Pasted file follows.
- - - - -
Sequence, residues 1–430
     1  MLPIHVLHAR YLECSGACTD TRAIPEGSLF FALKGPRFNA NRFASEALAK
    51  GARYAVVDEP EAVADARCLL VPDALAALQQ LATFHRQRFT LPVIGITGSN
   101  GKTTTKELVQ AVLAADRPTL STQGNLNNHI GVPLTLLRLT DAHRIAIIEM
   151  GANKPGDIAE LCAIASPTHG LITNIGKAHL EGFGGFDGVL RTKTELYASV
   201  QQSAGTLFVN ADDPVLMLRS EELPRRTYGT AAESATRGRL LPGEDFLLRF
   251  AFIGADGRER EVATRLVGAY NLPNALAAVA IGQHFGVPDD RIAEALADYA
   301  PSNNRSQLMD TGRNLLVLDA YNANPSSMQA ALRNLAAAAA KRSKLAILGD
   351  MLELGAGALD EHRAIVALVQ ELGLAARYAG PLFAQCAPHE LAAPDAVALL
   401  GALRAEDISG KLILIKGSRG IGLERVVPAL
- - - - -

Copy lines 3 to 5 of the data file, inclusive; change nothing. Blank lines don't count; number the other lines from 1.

    51  GARYAVVDEP EAVADARCLL VPDALAALQQ LATFHRQRFT LPVIGITGSN
   101  GKTTTKELVQ AVLAADRPTL STQGNLNNHI GVPLTLLRLT DAHRIAIIEM
   151  GANKPGDIAE LCAIASPTHG LITNIGKAHL EGFGGFDGVL RTKTELYASV